The freshest and most provocative ideas about personal information management and productivity are now coming from Tiago Forte. He runs Forte Labs, which offers consulting, coaching, and workshops.
I belong to Praxis, Tiago’s membership-based blog, which features long, meaty posts. Following are some of the ideas I’ve gleaned from them, and I encourage you to join Praxis for more.
1: TAKE NOTES FOR CREATIVE THINKING, NOT JUST FOR REFERENCE
It’s possible, Tiago says, to use a note-taking app such as Evernote to store routine information—receipts, recipes, tax records, contact information, to-do lists, and the like. But where these apps really shine is setting up conditions for creative thinking: Notes are physical artifacts of ideas that you can collect from many different sources, incubate over time, and combine into new structures.
For more details on this point, see Tiago Forte on Taking Notes for Creative Thinking and Evernote and the Brain: Designing Creativity Workflows.
2: DELIVER THE RESULTS OF YOUR THINKING AS A SERIES OF EVOLVING PRODUCTS
In modern workplaces, employees experience constant interruptions that make it hard to settle into focused and concentrated states of flow. But instead of decrying this, Tiago asks, why not use it to our advantage? Ideas are the true currency of knowledge work, and these can be delivered in “intermediate packets”— notes, outlines, drafts, prototypes—that emerge from short bursts of work.
Tiago develops this idea in Bending the Curves of Productivity.
3: USE A SIMPLE SET OF CATEGORIES TO ORGANIZE ANY COLLECTION OF INFORMATION
Your notes can become a “second brain”—a personal knowledge base that appreciates in value over time. But how do you organize all that information? Tiago proposes four major categories that you can use on any note-taking platform:
- Projects—a series of tasks linked to a goal, with a deadline
- Areas of responsibility—a sphere of activity, such as health, finances, and professional development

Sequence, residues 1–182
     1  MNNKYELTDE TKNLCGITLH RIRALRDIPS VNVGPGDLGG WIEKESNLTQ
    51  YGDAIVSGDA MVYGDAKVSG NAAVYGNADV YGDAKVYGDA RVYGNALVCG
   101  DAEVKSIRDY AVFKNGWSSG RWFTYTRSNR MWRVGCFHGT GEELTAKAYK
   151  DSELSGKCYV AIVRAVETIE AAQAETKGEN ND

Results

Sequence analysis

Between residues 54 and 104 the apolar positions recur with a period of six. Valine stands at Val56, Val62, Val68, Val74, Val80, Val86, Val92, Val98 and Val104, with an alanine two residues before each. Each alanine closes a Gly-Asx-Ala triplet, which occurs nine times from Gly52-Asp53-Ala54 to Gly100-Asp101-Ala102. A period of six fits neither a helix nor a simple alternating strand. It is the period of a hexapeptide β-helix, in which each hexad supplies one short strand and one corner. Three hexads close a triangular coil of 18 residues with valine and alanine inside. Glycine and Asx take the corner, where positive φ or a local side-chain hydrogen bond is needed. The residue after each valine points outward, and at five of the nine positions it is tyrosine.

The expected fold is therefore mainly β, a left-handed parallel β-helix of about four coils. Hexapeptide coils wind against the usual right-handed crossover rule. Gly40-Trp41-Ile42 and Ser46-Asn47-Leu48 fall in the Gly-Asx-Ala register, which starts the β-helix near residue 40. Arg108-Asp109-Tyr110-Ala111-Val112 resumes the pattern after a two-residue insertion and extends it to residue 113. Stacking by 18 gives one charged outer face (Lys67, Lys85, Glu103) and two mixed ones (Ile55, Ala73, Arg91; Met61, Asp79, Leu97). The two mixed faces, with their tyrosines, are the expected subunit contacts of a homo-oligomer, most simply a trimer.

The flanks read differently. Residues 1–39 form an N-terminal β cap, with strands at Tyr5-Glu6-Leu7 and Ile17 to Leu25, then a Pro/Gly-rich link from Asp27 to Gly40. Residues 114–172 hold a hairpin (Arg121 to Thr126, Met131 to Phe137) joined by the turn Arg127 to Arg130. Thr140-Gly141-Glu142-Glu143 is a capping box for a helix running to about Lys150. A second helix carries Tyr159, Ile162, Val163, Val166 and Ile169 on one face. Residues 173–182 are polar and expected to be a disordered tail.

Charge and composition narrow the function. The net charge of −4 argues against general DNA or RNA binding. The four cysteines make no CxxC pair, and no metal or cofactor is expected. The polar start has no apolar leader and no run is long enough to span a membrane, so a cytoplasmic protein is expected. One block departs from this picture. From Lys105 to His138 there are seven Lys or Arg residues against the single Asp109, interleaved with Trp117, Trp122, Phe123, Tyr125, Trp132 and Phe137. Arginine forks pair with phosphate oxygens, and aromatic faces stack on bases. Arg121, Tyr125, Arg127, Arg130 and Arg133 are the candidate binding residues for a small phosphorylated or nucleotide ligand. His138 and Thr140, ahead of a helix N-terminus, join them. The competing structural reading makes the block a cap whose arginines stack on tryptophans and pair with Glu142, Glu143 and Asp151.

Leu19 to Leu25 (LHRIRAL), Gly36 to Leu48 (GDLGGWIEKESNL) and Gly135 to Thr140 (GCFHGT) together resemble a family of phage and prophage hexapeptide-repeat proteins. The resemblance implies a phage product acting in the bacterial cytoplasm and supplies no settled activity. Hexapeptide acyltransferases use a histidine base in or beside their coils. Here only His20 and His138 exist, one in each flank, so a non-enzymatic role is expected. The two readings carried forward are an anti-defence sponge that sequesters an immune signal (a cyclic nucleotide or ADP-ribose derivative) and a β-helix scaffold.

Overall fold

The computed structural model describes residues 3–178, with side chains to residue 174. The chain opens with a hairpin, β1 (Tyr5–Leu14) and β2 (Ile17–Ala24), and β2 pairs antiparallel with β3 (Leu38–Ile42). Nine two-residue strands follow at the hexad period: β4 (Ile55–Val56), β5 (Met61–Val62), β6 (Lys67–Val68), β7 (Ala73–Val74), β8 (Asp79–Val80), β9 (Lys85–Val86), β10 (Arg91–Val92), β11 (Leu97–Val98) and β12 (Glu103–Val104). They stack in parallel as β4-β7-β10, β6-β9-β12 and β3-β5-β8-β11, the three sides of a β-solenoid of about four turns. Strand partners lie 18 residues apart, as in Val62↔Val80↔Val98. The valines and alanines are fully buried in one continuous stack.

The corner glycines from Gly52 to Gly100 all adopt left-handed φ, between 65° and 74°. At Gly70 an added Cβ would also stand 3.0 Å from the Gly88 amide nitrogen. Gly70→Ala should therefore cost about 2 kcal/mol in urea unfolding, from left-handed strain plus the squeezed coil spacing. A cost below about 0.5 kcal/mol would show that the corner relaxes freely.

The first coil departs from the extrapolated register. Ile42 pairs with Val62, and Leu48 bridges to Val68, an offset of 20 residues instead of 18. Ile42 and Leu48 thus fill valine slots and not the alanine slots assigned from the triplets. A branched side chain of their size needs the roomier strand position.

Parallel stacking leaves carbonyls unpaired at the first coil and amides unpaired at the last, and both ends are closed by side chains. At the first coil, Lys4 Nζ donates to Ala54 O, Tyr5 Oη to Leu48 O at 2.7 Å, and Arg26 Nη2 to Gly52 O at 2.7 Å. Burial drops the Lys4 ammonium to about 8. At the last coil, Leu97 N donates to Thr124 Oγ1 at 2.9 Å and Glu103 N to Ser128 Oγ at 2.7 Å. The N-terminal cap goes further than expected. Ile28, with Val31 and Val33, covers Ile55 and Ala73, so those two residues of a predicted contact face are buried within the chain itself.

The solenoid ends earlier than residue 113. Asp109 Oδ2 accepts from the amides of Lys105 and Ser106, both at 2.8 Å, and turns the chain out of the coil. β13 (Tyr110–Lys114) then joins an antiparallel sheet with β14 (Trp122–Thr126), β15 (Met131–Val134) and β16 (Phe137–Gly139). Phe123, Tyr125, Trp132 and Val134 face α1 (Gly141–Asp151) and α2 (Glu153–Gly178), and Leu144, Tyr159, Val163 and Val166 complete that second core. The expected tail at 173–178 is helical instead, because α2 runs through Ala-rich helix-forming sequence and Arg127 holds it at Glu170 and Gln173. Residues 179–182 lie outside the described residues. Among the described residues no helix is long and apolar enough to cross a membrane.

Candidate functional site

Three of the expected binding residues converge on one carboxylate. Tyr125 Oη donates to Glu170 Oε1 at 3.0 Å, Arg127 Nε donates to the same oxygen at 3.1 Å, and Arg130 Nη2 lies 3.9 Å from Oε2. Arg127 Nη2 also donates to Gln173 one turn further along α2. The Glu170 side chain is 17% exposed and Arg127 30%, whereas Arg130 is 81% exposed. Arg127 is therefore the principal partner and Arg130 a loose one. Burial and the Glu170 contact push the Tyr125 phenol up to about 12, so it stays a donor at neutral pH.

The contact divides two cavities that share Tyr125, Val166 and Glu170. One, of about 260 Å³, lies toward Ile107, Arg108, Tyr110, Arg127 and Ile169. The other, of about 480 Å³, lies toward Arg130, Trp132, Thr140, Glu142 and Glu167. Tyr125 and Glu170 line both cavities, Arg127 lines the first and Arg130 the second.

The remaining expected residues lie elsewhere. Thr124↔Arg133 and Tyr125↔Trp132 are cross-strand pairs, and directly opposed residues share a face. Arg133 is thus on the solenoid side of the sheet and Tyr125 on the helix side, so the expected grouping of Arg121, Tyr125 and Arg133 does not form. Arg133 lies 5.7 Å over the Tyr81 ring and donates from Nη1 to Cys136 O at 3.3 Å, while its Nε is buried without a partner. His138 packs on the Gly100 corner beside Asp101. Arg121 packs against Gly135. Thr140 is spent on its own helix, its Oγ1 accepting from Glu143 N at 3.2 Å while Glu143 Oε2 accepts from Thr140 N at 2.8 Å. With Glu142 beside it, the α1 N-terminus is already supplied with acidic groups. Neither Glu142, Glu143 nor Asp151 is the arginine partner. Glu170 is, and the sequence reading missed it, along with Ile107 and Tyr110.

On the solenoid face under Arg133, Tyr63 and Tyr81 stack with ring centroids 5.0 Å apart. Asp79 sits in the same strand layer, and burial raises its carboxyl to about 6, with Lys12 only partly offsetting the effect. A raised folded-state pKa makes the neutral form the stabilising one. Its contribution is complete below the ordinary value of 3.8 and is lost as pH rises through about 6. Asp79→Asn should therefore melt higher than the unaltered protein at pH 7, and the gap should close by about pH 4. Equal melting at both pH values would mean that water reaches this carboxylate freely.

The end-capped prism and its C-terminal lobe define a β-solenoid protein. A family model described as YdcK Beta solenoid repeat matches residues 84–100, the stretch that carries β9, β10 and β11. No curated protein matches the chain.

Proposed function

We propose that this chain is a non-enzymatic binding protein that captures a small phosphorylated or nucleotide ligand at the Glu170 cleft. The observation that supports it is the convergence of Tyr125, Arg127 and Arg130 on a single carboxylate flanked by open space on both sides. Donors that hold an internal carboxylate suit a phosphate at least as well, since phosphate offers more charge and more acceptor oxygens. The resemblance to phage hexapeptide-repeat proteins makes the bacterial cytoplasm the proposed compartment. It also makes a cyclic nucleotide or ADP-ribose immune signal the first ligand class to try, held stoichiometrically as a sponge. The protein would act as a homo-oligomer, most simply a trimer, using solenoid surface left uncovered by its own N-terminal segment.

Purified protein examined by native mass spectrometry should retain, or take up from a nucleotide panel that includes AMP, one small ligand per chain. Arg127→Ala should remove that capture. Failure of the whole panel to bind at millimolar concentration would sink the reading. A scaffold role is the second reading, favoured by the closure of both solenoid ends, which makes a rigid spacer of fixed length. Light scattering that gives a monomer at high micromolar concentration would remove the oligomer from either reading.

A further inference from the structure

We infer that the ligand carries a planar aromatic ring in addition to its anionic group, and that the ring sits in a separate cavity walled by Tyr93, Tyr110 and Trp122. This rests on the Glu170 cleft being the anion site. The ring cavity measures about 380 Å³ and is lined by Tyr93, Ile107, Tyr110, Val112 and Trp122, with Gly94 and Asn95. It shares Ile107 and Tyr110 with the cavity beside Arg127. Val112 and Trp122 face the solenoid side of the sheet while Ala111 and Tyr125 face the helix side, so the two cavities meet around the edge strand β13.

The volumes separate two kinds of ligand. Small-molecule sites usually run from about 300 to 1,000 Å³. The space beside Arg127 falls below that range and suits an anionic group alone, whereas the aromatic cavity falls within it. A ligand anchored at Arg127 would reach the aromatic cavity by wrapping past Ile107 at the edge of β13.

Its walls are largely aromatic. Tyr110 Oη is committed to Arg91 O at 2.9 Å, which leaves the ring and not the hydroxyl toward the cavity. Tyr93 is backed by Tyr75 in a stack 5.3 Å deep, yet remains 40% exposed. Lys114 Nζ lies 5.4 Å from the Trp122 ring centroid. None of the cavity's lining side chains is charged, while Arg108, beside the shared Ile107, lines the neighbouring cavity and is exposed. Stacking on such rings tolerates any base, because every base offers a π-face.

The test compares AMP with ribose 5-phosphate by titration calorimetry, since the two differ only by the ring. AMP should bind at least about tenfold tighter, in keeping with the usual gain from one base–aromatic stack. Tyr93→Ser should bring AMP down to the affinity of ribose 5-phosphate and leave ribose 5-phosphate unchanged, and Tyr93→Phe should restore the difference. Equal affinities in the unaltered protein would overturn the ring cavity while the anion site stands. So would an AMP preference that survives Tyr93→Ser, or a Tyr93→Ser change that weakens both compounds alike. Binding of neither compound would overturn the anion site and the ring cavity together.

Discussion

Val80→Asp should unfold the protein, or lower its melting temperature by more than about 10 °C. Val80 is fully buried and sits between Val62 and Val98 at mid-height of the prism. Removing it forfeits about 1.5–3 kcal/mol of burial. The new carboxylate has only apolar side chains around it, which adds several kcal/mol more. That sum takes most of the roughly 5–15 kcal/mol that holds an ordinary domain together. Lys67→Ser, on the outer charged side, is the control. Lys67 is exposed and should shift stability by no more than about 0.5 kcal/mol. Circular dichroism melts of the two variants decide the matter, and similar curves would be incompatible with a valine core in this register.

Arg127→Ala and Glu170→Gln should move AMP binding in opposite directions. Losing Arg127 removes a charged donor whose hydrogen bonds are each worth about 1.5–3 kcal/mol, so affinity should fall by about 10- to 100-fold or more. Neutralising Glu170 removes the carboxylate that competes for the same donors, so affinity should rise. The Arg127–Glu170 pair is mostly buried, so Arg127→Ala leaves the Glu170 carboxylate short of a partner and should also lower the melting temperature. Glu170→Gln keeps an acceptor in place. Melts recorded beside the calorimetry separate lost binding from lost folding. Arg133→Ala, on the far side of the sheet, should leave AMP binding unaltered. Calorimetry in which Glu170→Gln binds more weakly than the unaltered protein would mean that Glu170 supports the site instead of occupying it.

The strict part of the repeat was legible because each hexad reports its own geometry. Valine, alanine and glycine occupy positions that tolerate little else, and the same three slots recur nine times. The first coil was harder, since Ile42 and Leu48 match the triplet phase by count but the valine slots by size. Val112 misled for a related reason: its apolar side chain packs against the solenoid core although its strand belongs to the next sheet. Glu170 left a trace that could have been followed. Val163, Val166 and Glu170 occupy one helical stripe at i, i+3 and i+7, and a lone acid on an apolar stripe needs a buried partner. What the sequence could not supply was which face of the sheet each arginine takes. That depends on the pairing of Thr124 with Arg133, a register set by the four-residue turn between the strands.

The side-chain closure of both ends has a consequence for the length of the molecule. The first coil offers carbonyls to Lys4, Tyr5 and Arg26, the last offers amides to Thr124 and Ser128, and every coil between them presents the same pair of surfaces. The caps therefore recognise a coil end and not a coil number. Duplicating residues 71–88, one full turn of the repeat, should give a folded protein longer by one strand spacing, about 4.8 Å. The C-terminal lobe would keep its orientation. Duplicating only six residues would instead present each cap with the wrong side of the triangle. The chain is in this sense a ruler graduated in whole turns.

- Resources—notes related to specific topics that interest you
- Archives—inactive notes from the other three categories
4: MOVE FROM TIPS AND TRICKS TO BEHAVIORAL EXPERIMENTS
With some exceptions, the productivity suggestions that you find online have sunk to the level of click-bait driven, generic “tips and tricks.” Tiago proposes an alternative—“framing problems in the context of systems that can be measured and optimized using small experiments.”
The key is to apply design thinking as you test new habits, much along the lines suggested by BJ Fogg. Over time you’ll emerge with an integrated set of behaviors that work specifically for you.
5: SAVE INFORMATION FREELY; FILTER IT BASED ON TIME
Every day I find dozens of potentially useful articles on the Internet. If I took the time to immediately read every one of them, I’d never get anything else done.
Tiago’s solution is simple and powerful: Save anything and everything that interests you. Then let it sit in your read-later app for a while. Time will give you perspective on what’s worth a second look and what’s not. As Tiago notes:
I am always amazed by what happens: no matter how stringent I was in the original collecting, no matter how certain I was that this thing was worthwhile, I regularly eliminate 1/3 of my list before reading. The post that looked SO INTERESTING when compared to that one task I’d been procrastinating on, in retrospect isn’t even something I care about.
This is near-effortless filtering—and a welcome antidote to information overload.
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